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Toys ‘R’ Us-owned stores could be fertile ground for redevelopment

Wayne, N.J.-based Toys “R” Us Inc. announced Thursday that it would be closing all of its iconic toy stores, plus its Babies “R” Us stores, across the United States, leaving American landlords in the lurch.

The company, which has more than $5 billion in debt, locally owns half of its 14 stores in Wayne, Oakland and Macomb counties, according to property records and Washington, D.C.-based real estate information service CoStar Group Inc. That could mean ripe pickings for local real estate investors looking to get property on the cheap, although exactly how cheap is not known.

The appetite for the Toys “R” Us-owned properties — located in Livonia, Pontiac, Southgate, Sterling Heights, Westland, Madison Heights and Northville — will likely be contingent upon whether there are ground leases on them, said Alan Stern, vice president of brokerage services for Farmington Hills-based Friedman Integrated Real Estate Solutions LLC.

“Those are a little more difficult to do a purchase transaction on because you’re also negotiating with the individual who owns the land,” not just Toys “R” Us, he said. “It’s just another layer of hair that’s on it than just a traditional deal.”

He said he has a letter of intent to put a fitness center into about half of a 47,000-square-foot former Toys “R” Us in the Arborland shopping center in Ann Arbor, owned by Farmington-based Brixmor Property Group. His client is competing with eight others for the space, he said.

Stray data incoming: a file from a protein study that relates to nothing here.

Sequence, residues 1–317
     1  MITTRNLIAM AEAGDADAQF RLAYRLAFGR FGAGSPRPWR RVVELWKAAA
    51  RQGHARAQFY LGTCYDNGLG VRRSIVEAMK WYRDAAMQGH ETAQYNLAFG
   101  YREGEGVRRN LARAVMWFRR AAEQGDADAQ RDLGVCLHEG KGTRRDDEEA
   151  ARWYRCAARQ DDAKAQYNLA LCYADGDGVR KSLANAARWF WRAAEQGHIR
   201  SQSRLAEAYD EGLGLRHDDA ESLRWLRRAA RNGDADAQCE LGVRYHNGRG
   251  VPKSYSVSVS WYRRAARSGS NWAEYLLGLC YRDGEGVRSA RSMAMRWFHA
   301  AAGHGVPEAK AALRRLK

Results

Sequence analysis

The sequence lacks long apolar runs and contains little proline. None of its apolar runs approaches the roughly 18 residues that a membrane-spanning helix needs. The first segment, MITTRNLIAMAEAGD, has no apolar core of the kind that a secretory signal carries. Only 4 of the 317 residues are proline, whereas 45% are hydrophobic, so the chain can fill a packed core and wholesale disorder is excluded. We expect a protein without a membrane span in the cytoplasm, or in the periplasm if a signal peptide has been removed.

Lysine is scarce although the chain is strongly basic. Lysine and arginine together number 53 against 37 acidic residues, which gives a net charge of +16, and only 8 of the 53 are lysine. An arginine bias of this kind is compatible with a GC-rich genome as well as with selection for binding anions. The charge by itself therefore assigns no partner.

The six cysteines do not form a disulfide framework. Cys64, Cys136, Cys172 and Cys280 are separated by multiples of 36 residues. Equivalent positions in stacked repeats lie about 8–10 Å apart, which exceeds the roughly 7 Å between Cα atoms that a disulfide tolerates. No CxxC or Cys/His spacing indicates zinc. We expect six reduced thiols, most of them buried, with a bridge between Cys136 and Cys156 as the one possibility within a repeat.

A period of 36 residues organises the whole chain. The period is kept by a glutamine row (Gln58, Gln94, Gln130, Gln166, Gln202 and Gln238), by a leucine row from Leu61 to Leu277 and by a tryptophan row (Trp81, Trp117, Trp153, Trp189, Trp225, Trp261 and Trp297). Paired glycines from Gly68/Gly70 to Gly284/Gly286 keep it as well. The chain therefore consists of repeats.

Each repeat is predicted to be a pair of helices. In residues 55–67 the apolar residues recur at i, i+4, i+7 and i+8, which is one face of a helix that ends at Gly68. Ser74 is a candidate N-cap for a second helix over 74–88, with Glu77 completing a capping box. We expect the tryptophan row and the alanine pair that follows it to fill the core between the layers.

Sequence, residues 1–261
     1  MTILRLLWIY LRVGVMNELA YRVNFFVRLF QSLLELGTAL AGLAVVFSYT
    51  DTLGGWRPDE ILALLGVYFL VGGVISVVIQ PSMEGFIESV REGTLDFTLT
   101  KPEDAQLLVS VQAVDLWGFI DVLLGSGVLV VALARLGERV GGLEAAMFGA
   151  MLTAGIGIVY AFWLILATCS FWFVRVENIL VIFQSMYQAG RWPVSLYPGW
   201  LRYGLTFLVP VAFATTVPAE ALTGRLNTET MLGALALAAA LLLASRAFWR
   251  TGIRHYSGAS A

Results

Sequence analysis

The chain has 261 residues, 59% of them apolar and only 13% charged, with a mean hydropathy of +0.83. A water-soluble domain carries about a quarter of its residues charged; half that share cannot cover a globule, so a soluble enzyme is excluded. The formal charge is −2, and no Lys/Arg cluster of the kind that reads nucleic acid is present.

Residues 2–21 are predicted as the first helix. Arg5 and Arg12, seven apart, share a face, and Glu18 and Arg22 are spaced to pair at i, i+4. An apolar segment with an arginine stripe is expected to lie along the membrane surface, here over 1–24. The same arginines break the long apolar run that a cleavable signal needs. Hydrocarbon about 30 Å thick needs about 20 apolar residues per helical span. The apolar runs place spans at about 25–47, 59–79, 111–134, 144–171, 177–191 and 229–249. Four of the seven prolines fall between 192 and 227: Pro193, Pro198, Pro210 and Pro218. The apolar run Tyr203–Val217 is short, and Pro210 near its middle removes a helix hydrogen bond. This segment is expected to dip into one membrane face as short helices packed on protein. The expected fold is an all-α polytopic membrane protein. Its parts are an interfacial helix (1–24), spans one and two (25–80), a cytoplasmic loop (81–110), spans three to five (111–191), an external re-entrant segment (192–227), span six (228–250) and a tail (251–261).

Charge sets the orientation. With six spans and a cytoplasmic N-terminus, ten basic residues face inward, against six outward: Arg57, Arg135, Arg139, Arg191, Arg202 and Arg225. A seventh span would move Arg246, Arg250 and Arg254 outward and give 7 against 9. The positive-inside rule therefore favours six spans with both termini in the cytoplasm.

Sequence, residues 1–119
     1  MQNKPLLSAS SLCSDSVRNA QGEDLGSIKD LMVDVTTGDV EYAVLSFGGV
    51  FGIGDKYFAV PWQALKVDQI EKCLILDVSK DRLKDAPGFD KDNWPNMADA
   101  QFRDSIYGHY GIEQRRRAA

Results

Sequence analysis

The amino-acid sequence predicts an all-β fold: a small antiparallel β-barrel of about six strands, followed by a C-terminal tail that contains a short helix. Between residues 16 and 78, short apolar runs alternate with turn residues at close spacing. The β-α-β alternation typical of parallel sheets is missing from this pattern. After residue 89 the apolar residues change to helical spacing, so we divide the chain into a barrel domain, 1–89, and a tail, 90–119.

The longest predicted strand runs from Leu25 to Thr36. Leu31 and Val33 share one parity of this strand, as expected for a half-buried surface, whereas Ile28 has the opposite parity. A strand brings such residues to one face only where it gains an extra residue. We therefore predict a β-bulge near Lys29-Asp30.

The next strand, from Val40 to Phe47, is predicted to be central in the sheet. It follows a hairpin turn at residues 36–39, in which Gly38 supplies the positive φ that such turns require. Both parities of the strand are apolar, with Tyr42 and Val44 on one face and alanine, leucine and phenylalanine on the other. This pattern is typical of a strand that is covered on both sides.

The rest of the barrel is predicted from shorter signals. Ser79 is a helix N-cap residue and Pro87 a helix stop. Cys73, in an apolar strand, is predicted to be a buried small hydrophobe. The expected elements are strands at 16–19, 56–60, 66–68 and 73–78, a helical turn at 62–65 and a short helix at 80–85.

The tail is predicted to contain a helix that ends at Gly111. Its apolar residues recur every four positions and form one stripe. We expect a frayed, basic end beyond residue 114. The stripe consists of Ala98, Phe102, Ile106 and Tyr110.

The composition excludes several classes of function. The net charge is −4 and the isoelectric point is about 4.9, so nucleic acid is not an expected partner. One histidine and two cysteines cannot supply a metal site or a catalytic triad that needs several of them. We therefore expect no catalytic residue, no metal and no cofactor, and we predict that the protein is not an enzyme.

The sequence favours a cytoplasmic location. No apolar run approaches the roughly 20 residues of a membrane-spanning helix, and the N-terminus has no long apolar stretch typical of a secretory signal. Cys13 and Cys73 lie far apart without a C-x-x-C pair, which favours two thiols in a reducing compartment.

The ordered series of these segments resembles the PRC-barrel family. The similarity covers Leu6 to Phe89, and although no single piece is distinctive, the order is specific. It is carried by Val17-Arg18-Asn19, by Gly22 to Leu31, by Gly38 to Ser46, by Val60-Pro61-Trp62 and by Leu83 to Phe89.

But the Toys “R” Us-owned stores could also prove to be fertile ground for redevelopment if another big-box user is not found, said Tony Schmitt, principal in the Bloomfield Hills office of Mid-America Real Estate Group, which focuses on retail.

“It will come down to whether there are there users,” he said. “It’s always easiest to find a user that’s going to take over the box. We have done work with Toys “R” Us in the past, and a lot of those boxes are in really good condition. Reuse of those buildings — usually they go through that layer first, and then you go to, ‘OK, if we can’t find anybody or the building is falling apart … ,'” then it makes sense to demolish it and build new on the site.

Schmitt, however, said there are retailers interested in back-filling Toys “R” Us stores, ranging from fitness centers to grocers.

“Toys “R” Us for the most part has some pretty good real estate. There is going to be pretty good demand to backfill the space. But how much they sell for based on the liquidation remains to be seen.”

Stern agreed. “It’s not going to be a problem backfilling these,” he said. “The Toys “R” Us stores are going to be very active because most of them are in good locations with good visibility.”